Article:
Having a sleep schedule allows you to get those blissful rest hours consistently. But distractions, like frequent app notifications and mobile phone use, can make this a bit difficult to stick to.
Here are some recommendations that can help (3):
- Turn off your phone’s internet connection before you sleep.
- Avoid using electronic devices an hour before you sleep.
- Avoid late-afternoon naps.
- Avoid large meals at nighttime.
- Take a hot bath before bed.
- Keep your room nice and cool.
How to boost your ankle sprain recovery during the day?
Pairing the tips above with these will maximize your recovery:
Do ankle exercises
Instead of waiting for your ankle to heal, why not be an active participant in your recovery? See, exercises are a key component to help you recover quickly.
These can be strengthening exercises like calf raises or balance drills such as standing on one leg. The goal here is pretty straightforward – to increase your ankle’s tolerance to movement and promote healing.
Part of my patient management system is to schedule these exercises a few hours before going to sleep. This allows the post-exercise high that you might experience to settle down and avoid disrupting your attempt to sleep.
Try them: 12 exercises to heal that ankle sprain.
If you are stressing over your sprained ankle, then go get the right treatment from a physical therapist (PT).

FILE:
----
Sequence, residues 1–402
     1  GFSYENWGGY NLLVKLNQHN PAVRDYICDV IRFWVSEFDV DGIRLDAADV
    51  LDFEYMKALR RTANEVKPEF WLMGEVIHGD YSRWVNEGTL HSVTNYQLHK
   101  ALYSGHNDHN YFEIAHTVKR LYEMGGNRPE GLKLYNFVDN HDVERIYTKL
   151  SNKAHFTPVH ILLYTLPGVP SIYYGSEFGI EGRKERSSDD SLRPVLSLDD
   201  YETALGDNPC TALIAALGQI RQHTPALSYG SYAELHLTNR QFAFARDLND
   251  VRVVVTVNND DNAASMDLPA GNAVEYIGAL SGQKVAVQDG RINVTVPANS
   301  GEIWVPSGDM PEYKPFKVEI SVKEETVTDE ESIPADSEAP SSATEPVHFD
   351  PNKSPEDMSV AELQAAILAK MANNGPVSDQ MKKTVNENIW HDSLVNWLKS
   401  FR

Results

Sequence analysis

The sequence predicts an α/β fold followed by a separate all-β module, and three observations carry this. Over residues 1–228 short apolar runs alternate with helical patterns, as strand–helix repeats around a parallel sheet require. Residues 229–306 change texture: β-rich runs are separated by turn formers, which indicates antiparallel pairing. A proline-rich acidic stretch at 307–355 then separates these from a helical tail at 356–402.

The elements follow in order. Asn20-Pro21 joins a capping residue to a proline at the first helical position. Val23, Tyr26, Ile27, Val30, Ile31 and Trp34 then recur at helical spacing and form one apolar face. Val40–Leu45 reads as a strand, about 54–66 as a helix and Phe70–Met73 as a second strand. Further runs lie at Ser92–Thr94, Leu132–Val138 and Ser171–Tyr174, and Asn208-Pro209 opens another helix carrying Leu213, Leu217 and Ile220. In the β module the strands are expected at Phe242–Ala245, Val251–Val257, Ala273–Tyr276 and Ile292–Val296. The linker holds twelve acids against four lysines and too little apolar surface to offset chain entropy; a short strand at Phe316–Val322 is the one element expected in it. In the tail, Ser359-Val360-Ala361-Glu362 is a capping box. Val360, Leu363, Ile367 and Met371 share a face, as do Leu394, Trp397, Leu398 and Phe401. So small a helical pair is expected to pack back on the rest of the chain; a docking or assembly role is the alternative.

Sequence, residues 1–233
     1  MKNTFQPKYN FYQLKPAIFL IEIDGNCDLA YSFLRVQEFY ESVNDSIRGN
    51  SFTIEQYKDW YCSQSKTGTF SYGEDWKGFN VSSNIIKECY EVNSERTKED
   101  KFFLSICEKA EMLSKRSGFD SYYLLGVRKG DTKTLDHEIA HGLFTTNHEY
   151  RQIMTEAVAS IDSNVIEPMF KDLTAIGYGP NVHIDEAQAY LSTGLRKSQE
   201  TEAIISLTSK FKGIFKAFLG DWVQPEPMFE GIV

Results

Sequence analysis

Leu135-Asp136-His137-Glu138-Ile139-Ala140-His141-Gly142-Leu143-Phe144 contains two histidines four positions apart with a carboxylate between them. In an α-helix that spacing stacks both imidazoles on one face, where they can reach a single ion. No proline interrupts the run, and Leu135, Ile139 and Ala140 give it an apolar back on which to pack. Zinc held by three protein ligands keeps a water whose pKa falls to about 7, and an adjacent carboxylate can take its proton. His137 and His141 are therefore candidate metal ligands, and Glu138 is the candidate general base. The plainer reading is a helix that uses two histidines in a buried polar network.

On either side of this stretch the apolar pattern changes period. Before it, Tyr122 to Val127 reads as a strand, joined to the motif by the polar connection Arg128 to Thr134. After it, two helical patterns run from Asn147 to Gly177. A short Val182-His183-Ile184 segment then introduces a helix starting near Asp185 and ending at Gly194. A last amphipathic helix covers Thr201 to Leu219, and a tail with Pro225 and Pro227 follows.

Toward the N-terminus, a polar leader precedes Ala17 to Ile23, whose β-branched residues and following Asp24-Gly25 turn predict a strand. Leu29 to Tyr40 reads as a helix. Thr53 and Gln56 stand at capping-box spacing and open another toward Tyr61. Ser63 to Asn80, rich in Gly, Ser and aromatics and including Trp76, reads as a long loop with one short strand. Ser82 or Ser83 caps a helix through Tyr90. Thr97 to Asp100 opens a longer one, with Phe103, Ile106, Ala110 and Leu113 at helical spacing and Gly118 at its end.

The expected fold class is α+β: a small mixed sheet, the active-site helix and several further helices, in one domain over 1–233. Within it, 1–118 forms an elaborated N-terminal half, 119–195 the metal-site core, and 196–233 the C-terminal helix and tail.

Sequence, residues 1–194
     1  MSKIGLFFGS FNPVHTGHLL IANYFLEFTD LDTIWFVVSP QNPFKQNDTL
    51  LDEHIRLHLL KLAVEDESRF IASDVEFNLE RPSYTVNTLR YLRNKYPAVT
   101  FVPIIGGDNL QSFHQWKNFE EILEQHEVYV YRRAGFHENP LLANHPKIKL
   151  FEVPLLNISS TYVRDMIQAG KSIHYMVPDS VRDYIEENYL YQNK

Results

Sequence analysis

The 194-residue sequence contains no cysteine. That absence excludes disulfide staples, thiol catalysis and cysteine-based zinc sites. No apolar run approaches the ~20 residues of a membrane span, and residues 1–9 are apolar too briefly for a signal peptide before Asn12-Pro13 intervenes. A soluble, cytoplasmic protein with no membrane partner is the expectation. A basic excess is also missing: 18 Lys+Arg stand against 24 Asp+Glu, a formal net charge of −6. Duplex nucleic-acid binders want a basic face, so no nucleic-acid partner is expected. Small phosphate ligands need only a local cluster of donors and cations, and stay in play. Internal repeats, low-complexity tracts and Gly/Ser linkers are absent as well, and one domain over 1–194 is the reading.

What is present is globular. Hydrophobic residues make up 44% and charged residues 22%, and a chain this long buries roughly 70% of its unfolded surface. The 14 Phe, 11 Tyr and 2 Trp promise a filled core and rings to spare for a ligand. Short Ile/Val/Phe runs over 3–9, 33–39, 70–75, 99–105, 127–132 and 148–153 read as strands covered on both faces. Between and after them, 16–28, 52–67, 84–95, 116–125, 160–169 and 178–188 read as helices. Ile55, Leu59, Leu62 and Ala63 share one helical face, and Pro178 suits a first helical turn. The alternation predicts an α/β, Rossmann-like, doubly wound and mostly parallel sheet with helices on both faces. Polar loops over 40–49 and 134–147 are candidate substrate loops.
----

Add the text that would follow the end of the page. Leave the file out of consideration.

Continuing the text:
We usually do the following to help you heal:
- Thermotherapy to manage your symptoms.
- Manual therapy to get your ankle moving in tip-top shape.
- Therapeutic exercises to make your ankle more durable.
- A home exercise plan to fill in the gaps between your PT sessions.
May it be a misstep, or even if it came with other sports injuries, PTs help you quickly recover from an ankle sprain.
Learn more: Physical therapy for sprained ankles.
The importance of sleep for ankle sprain recovery
The Centers for Disease Control recommends adults get at least 7 hours of sleep per night. (4) And there are a few reasons why.
With every two hours of sleep, your body releases human growth hormones (HGH). This substance promotes healing, recovery, and tissue growth. It also triggers other processes vital to recovery. (5)